Furthermore, it’s worth mentioning other considerations. For one thing, not all retirement plans are equal when it comes to income. Money you withdraw from a traditional IRA or 401 will be considered taxable income. On the other hand, any money you withdraw from a Roth IRA or Roth 401 is generally not taxable at all, which may change the calculation a bit.
That’s just one example, and there are other possible considerations as well. While we’re trying to present the broad strokes here, it’s still a good idea to consult a financial advisor who can not only tailor a retirement savings goal to your particular situation but can also help set you on the right path with a savings and investment plan that can make sure you reach your goals.
Estimate How Much Super You’ll Have
You probably know how much super you have now, but do you know how much you’ll have when you retire?
Use the Moneysmart retirement planner to estimate:
- how much money you’ll have to spend each year once you retire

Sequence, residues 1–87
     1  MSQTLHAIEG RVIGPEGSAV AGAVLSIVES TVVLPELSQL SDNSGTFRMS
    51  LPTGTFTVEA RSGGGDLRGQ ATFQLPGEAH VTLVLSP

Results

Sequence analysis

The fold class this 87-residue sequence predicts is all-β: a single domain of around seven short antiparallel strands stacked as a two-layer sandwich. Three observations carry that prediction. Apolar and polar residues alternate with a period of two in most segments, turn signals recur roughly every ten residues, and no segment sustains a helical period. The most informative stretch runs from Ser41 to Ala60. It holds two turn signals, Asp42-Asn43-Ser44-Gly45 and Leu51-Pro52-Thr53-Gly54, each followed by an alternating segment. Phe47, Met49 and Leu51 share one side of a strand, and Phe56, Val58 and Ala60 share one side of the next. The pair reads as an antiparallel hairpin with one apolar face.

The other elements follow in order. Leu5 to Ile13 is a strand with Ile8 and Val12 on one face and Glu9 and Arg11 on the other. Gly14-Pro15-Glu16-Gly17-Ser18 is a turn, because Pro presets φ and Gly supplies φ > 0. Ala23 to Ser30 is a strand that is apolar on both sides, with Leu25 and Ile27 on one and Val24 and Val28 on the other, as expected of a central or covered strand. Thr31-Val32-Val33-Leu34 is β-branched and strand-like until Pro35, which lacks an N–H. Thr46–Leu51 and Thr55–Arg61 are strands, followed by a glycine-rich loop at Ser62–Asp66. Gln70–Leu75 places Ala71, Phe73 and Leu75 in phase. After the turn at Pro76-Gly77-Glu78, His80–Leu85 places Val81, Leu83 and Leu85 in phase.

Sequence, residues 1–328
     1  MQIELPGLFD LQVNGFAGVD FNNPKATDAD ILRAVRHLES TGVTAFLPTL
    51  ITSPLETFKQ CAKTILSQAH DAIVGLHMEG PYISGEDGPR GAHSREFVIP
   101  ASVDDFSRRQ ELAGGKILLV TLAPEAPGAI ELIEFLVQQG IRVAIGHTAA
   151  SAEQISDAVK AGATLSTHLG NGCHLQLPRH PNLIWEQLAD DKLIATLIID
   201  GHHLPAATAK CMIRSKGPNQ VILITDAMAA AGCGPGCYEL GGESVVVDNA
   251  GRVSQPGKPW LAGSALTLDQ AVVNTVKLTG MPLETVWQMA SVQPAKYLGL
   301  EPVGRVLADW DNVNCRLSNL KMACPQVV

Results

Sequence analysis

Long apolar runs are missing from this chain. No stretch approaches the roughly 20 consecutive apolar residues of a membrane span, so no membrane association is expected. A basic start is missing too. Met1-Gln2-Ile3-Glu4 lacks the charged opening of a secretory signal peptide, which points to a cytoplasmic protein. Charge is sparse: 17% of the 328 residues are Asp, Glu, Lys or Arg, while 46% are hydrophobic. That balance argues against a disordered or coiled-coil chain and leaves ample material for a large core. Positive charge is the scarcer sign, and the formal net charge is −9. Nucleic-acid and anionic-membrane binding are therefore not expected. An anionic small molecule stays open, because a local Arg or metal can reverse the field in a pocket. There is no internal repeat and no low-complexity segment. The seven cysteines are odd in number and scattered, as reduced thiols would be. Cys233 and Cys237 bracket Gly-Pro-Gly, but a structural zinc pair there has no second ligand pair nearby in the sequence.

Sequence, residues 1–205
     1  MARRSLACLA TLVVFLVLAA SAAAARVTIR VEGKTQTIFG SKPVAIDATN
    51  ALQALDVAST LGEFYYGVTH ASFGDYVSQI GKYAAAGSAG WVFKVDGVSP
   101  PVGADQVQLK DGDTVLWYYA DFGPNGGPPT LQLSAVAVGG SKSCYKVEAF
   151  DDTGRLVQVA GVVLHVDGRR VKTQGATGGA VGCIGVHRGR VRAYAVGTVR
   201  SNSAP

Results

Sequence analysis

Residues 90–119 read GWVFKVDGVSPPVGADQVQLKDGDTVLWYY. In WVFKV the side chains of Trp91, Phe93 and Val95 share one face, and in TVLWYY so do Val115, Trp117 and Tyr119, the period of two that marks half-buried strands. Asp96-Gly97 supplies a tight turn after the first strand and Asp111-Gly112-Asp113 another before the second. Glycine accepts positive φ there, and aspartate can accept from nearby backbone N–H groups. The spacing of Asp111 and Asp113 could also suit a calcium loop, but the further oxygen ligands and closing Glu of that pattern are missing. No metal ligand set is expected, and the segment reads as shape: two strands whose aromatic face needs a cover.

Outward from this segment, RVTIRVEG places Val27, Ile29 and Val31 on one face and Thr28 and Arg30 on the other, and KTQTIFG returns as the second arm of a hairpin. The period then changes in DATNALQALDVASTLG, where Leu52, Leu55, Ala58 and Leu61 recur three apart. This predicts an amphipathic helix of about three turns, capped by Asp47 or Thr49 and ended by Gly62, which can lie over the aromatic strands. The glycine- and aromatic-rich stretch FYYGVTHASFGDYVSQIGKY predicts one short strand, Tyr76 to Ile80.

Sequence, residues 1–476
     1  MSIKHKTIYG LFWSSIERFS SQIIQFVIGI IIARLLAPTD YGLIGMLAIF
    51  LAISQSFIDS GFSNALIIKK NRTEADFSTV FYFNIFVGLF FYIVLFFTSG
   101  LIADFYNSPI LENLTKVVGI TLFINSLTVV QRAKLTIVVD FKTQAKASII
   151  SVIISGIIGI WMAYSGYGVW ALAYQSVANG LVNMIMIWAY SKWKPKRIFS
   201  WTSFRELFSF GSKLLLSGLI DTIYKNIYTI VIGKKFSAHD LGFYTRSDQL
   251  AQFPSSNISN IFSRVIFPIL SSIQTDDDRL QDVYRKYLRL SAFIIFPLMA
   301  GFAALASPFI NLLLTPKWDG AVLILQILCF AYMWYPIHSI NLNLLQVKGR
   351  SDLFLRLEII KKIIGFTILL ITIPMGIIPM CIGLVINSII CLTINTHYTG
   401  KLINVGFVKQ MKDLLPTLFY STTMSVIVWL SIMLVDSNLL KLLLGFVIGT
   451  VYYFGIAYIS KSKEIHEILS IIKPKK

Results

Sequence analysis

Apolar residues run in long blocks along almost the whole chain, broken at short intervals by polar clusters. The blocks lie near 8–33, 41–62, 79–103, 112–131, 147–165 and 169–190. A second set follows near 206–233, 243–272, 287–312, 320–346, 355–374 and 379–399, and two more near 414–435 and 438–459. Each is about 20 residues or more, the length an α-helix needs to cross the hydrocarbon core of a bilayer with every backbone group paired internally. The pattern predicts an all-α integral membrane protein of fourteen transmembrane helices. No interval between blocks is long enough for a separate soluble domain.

- how fees, investment options and contributions will affect your retirement income
You can also use the planner to test out different scenarios and work out how to grow your super.
Estimate how much super you’ll have when you retire.
How Much Can You Contribute To A 401
The most you can contribute to a 401 is $19,500 in 2021 and $20,500 for 2022 . Employer contributions are on top of that limit. These limits are set by the IRS and subject to adjustment each year.
That limit dictates how much you can contribute, but it doesnt tell you how much you should contribute. To figure that out, consider the following.
A More Aggressive Formula
Another, more aggressive formula holds that you should save 25% of your gross salary each year, starting in your 20s. The 25% savings figure may sound daunting. But don’t forget that it includes not only 401 holdings and matching contributions from your employer, but also other types of retirement savings.
If you follow this formula, it should allow you to accumulate your full annual salary by age 30. Continuing at the same average savings rate should yield the following:
- Age 35two times annual salary
- Age 40three times annual salary
- Age 45four times annual salary
- Age 50five times annual salary
- Age 55six times annual salary
- Age 60seven times annual salary
- Age 65eight times annual salary
Whether or not you try to follow the 15% or the 25% savings guideline, chances are your actual ability to save will be affected by life events such as the job loss many experienced during the COVID-19 pandemic.